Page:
Is it safe to isolate and quarantine people at the old terminal at Jacksons Airport and Port Moresby General Hospital?

Well, let's look at what the rest of the world is doing.

But first, what is 'isolation' and 'quarantine'?

As per the attached screenshot of the difference between the terminologies by the University of North Carolina, they are terminologies used by health authorities to define the seclusion of people in order to contain a contagious disease. Isolation is for those already sick and quarantine, for those not sick but may have been exposed for the period of incubation of the virus, to see if they become sick.

Now back to the seclusion areas of the world as summoned up by News.com Australia.

In Britain, it’s a hospital, located within a short bus ride from 1.4 million people. Nurses were told to clear out and their living quarters are used. The Arrowe Park Hospital west of Liverpool on the Wirral Peninsula is where around 80 people are now quarantined. But many locals are perplexed why people who may be highly contagious are being housed so close to a major city. And remember, these are all evacuees from China who are not sick.

In the US, the first arrivals from Wuhan went to March Air Reserve Base in California. This has the benefit of having accommodation, being secure and close to air routes from China.

But just like Arrowe Park, it’s hardly remote. The suburban sprawl of Los Angeles touches the air base’s fringe.

One air base isn’t enough though. The Pentagon has said a further six bases, including sites in Texas and Nebraska, have been designated as quarantine sites to house up to 1000 American evacuees.

In Australia, the former immigration detention centre on Christmas Island and an old mining camp near Darwin are the quarantine sites.

New Zealanders caught up in the coronavirus crisis are currently isolated at an air base just 25km north of Auckland’s CBD. Germans, too, are being housed in a military camp.

Malaysia has chosen to repurpose a college while 700 Koreans are now spending a fortnight’s forced leave in a civil service training centre 80km south of Seoul.

In Wuhan itself quarantine is at home facilitated by a lockdown which will now enter it's fourth week while the sick are isolated at designated hospitals (not mixed with other patients).

These are the quarantine stations that have sprung up as concern has grown about the spread of the coronavirus from the Chinese city of Wuhan to the rest of the world.

In the case of Papua New Guinea, two sites have been named as 'Incubation Centres'. One at the old terminal facility at Jacksons airport and the other at Port Moresby General Hospital.

There is no clear distinction between the two incubation centres as to which one is for isolation of the already sick, and which one is for quarantine. According to media reports, the Minister for civil aviation stated that the old terminal facility is intended for foreigners but got himself confused as to making the distinction between an isolation site and a quarantine site to specify what the Jacksons site was for. As quoted by 'The National' newspaper.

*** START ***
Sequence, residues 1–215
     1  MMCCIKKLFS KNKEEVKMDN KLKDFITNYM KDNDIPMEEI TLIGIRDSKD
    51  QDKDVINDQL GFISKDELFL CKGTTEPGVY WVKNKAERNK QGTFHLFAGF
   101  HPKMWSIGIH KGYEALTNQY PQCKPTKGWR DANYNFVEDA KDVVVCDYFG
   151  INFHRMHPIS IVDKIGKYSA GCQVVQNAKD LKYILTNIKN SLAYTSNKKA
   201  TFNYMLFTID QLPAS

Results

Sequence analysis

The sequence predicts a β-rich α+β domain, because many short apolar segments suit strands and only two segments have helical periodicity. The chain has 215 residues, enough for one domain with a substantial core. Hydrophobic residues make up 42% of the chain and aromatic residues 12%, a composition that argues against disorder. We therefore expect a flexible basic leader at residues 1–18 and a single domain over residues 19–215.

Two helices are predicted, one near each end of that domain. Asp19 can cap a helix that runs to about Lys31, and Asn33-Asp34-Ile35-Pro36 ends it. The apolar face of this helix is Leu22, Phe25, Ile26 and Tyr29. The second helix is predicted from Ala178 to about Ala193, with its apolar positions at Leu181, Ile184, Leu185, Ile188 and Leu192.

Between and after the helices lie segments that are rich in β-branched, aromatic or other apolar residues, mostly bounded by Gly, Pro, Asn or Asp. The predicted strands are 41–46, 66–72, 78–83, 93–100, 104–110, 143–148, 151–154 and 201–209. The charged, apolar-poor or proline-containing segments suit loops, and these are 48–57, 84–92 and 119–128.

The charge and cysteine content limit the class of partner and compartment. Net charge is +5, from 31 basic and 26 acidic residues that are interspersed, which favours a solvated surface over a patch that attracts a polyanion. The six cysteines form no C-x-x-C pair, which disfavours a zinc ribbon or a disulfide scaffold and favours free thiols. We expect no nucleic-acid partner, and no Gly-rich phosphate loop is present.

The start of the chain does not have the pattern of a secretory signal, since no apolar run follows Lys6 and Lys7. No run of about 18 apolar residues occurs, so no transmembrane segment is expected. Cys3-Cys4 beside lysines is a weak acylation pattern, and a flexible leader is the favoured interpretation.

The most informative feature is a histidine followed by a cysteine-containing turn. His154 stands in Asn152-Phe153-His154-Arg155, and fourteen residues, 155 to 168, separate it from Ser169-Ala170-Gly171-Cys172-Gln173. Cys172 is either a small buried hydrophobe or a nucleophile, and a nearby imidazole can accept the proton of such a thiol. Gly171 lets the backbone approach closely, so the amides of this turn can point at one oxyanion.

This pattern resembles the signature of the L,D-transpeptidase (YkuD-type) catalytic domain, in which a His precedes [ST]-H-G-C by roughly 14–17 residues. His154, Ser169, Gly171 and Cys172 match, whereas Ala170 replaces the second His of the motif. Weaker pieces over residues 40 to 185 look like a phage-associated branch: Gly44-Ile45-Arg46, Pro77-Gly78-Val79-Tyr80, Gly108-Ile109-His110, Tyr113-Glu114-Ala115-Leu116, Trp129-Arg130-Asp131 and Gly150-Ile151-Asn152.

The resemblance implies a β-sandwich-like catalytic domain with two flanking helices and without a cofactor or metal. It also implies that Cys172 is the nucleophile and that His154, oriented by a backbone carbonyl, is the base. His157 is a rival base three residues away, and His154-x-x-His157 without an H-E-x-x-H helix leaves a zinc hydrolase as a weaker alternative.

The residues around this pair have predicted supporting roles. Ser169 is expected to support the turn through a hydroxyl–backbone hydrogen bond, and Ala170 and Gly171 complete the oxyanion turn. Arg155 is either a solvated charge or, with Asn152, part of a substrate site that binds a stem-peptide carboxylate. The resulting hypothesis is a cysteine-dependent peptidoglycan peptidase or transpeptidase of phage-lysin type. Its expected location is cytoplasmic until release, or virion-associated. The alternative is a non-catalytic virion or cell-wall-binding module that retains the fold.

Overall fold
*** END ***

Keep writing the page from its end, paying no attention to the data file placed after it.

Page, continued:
“So like students and citizens in affected country who are returning home from the affected countries, we can keep them at the incubation centre for 14 days.”

As for Port Moresby General Hospital, he said, "we also have the incubation centre at the Port Moresby General Hospital.

“It will be mainly for treating suspected cases. The one we hope to put up at 7-Mile will be just for incubation, or perhaps we can say isolation".

There is no clear distinction between the separation of the already sick and those who are not sick and have to be separated from the public for quarantine during the incubation period of the virus to see if they get sick.

The use of an unorthodox terminology of 'incubation centre' adds to the confusion.

Given the above, there are two very crucial concerns which must be addressed before we can get an answer to the original question of the safety of the two 'incubation centres':

1. Those not infected and are supposed to be quarantined are placed in a very high risk of acquiring the virus from the sick. For example, a person may acquire it towards the end of the 14-day quarantine period and walkout with the virus which would complete it's incubation outside.

2. Is the proximity of the 'incubation centres' sufficient from the general public including Port Moresby General Hospital patients, given other countries seclusion sites are outside of the public and hospitals with patients?

Now, back to the original question.
Is it safe to isolate and quarantine people at the old terminal at Jacksons Airport and Port Moresby General Hospital?

You make your own judgment.

If there was to be any clear distinction between the 'incubation cetres', Port Moresby General Hospital has got to be an 'isolation' area or centre for the already sick while the old Jacksons airport terminal is the 'quarantine' site for the not sick.

We can only hope that the virus does not enter Papua New Guinea before it is contained.




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